Mandell and Kim were also quoted, along with William Hamlen, associate professor of finance and managerial economics, on the MSNBC Web site in January about economic stimulus actions, such as Fed rate cuts and rebate checks. "Ordinarily, Republicans don't like short-term, quick fixes such as increased government spending, or even to some extent, one-time tax cuts because they can have undesirable long-term effects," Hamlen said. "These forms of 'fiscal policy' are generally preferred by Democrats but in a major election year, the Republicans often forego their own preferences and agree to policies they dislike." Mandell said the actions taken may actually make controlling inflation more difficult. "With the Federal Reserve aggressively cutting rates and increasing the money supply, the federal government in an election year-pandering mode, the worldwide consumption of energy continuing unabated, the budget deficit about to increase again and the Chinese yuan accelerating in value against the U.S. dollar, stabilization of equity markets will come at a higher price in terms of inflation," he said. Kim believed the stock market would recover in the near term. "The tax rebate proposed by President Bush will work. It did last time," he said. About the Fed's interest-rate cut he said, "It's a quick fix, but combined with the rebate, this will get us out of any serious recession."
Mandell was also quoted in an April Chicago Tribune article about children and teenagers investing their own money in the stock market. The market's spring tumbles provided a good teaching opportunity about investments, he said. "It's one of those learning moments," Mandell said. "Parents should really emphasize the buy-and-hold aspect of investing."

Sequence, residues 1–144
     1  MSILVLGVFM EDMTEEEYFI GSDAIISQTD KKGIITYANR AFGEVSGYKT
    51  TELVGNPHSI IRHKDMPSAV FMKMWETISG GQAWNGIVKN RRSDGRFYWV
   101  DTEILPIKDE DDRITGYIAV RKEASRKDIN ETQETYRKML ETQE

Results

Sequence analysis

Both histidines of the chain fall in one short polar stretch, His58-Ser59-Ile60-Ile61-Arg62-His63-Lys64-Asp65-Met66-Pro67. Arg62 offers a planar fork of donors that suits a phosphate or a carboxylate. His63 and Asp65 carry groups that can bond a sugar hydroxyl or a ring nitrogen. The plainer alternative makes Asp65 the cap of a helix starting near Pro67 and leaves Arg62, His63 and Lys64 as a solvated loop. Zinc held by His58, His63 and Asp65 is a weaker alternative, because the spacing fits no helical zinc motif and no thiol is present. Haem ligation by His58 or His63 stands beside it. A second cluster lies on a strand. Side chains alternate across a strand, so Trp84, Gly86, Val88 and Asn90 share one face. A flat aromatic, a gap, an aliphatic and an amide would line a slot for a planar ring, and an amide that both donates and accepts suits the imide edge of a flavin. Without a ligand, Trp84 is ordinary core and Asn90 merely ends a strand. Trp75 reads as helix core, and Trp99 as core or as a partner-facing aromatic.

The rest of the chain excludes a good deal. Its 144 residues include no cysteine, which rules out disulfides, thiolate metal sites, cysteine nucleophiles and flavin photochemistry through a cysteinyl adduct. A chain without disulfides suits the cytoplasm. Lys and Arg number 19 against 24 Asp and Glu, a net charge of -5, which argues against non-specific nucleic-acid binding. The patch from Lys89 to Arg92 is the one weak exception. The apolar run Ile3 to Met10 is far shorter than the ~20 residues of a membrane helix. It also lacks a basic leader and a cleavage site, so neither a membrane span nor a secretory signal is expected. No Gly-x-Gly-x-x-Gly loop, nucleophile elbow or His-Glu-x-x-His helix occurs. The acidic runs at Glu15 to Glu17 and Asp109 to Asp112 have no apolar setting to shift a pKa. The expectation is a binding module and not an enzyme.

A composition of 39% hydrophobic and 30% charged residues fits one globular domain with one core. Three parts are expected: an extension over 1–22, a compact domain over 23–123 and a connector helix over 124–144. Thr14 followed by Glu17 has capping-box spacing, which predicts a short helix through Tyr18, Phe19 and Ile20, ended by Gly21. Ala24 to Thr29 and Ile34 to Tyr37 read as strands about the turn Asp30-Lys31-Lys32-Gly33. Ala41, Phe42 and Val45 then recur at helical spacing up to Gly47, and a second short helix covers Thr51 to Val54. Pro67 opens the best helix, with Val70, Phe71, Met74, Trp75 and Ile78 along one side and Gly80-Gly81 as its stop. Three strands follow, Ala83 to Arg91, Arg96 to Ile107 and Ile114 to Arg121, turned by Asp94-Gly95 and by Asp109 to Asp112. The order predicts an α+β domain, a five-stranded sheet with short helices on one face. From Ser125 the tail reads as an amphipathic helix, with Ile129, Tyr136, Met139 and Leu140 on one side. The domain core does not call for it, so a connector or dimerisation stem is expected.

Hodan Isse, associate professor of finance and managerial economics, was interviewed by Vatican Radio in February about the political, economic and social institutions that must be established by the new government in her native country of Somalia. "We need to create an environment that's conducive for better living standards-to promote growth, to promote social skills, to promote Somalis to own their problems and solve their own problems," she said.
The Buffalo News
Nallan Suresh, UB Distinguished Professor and chair of the Department of Operations Management and Strategy, was quoted numerous times in the spring by The Buffalo News, Business First and WKBW-TV Channel 7 about the American Axle strike. "In the short run, it will be painful" to close the Tonawanda forge, he said, but wage cuts are necessary for companies like American Axle to become "leaner and more entrepreneurial." Arun Jain, Samuel P. Capen Professor of Marketing Research, was quoted in the News in March about how Target's "secret sales" are discussed online. "When this kind of buzz starts on the Web, it increases sales volume," Jain said. "Shoppers descend and end up buying additional items at full price." The News quoted Rajiv Kishore, associate professor of management science and systems, in May about "onshoring" contract work to lower-cost U.S. cities like Buffalo. "Dell had to relocate its technical support center back to the United States due to major customer satisfaction issues, part of which arose from language problems," Kishore said. With onshoring, "language issues go away, and cultural differences between the outsourcer and outsourcee firms are substantially reduced."